Well-known U.S.-based architects have taken issue with the Royal Institute of British Architects (RIBA), Britain’s leading architectural association, for its political stand against its Israeli counterpart. According to the Architects’ Journal, Daniel Libeskind, Richard Meier, and Rick Bell, the executive director of AIA New York, have spoken out against the RIBA’s decision to seek the suspension of the Israeli association from the International Union of Architects (UIA) “until it acts to resist projects on illegally-occupied land and observes international law and accords.”

The motion was presented to the RIBA council on March 19 by the association’s past president, Angela Brady. It passed 23 to 16, with 10 abstentions. The UIA is to meet in August.

The RIBA contends that the Israel Association of United Architects (IAUA) has disregarded the international body’s Resolution 13, which “condemns development projects and the construction of buildings on land that has been ethnically purified or illegally appropriated … [and] all action contravening the fourth Geneva Convention.”

In response, the IAUA asked the international association not to bring up the motion at its general assembly in August, arguing that the motion was “disproportionate, incompatible with circumstances, and contrary to the spirit of the UIA.” The Israeli group also wrote to the president and vice president of the RIBA that the IAUA “has no political agenda [and] no impact on personal stance.” The letter adds that Resolution 13 “was never meant to be a tool to be used against architects or associations of architects under the aegis of the UIA.”

A third letter from the IAUA, to British Prime Minister David Cameron, refers to the RIBA motion as a “a discriminatory, unjust political act designed to isolate Israel,” and concludes, “The Israeli-Palestinian conflict would do well to be resolved through dialogue. Boycotts have been proven not to be the best foundation for increasing understanding between parties in conflict.”

According to a statement by the RIBA, “It is not the case that the RIBA is in any way anti-Semitic.” A spokesperson for the British association declined to say whether it had ever passed a similar motion regarding any other association in the international group, which claims to have some 130 members, including Russia and China.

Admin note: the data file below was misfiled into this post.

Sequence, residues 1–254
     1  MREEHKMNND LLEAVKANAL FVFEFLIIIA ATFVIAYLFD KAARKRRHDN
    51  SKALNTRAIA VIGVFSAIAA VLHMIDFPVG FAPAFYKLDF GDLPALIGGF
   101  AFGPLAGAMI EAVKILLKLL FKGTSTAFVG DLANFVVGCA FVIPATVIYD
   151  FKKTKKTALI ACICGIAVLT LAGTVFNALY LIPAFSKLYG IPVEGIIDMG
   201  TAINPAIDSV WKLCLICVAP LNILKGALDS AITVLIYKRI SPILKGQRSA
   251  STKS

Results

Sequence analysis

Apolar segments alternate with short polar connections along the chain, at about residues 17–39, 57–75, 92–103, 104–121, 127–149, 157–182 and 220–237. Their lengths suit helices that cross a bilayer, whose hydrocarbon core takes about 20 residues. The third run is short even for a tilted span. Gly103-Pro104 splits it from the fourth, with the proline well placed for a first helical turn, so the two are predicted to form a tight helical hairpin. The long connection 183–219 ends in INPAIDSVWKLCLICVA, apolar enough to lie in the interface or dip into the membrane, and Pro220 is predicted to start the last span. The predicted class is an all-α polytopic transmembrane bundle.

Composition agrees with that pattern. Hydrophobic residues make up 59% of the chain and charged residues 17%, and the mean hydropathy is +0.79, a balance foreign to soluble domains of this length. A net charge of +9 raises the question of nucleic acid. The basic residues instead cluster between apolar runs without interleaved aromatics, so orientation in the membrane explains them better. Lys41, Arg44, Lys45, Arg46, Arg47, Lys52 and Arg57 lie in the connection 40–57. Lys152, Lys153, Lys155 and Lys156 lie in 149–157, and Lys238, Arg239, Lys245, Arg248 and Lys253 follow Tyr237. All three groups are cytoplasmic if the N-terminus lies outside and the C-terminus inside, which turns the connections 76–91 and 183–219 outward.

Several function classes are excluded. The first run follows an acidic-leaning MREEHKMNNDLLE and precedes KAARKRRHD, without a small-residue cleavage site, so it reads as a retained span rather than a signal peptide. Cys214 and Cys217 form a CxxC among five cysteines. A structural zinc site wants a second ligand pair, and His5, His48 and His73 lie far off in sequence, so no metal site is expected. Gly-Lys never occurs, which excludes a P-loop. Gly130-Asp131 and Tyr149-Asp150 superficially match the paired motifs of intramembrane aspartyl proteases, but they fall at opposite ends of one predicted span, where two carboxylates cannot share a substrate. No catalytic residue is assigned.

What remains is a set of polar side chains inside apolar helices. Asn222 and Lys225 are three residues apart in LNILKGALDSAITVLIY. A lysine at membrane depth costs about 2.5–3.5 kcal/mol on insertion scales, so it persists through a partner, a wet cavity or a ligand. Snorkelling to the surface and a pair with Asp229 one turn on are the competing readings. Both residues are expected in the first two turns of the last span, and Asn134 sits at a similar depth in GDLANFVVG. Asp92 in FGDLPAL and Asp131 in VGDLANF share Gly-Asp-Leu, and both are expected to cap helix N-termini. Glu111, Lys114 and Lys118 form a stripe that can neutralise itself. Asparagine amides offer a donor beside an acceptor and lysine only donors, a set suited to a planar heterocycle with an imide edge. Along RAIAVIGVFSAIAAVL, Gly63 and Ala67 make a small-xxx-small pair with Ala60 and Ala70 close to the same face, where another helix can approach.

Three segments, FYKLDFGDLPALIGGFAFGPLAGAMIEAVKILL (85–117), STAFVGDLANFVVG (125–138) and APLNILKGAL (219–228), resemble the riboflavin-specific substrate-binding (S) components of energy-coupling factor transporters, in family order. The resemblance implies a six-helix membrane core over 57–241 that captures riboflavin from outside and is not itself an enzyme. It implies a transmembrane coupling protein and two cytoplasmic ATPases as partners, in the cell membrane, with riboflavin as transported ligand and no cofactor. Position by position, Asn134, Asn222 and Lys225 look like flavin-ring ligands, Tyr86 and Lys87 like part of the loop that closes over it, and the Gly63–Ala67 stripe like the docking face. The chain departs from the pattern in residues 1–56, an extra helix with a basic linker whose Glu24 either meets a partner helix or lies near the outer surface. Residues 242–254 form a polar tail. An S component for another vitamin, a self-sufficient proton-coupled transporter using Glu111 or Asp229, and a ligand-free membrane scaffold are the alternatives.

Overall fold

New York City-based architect and Pritzker Prize winner Richard Meier wrote to the RIBA’s president, according to Building Design, stating that he and many other New York architects condemn the action.

But British architect Abe Hayeem, a RIBA member who is the chair of Architects and Planners for Justice in Palestine and co-founder of UK Architects Against Apartheid, has said that “the one action [of the anti-apartheid group] that had the most impact was to get the RIBA to end its links and recognition of schools of architecture in South Africa…on the basis of the almost negligible number of black students attending these schools. [This] did alter their intake.”

British Prime Minister David Cameron, who visited Israel on March 12, pledged in the Knesset that he would oppose the boycott of Israel and defeat all attempts to delegitimize the country. Cameron was quoted in Israel’s daily Ha’aretz as saying Israel's fate "will never rest on statements by amateur politicians.”

Itzhak Lipovetzky-Lir, past president of the Israeli architects’ association and its coordinator of international relations, said in an interview that his group has been a member of the international union since the 1950s and has been contending with attempts to expel it for a decade. The UIA Resolution 13 is a general policy, Lipovetsky-Lir added. “More than a few countries that are members of the UIA [have] disputes over construction on conquered land, for example, China and Tibet, or Russia and Chechnya. Therefore, the organization, in which membership is voluntary, has tried not to take a decision against a member country because it could undermine the entire organization.”

The Israeli association has a good relationship and a lot of joint activity with its Palestinian counterpart, based in Ramallah, he said. For example, following the Gaza war in 2008 the two groups worked together to bring members of the French organization Emergency Architects Foundation to help rebuild Gaza. The RIBA is “asking something impossible of us. We can’t force our members not to work in the territories,” he said. “Like all Israeli society, we are divided. The architects act according to their conscience.” Lipovetzky-Lir added that he and Peter Oborn, the RIBA’s vice president for international relations, had decided to meet in Israel in early May to improve understanding between the two associations.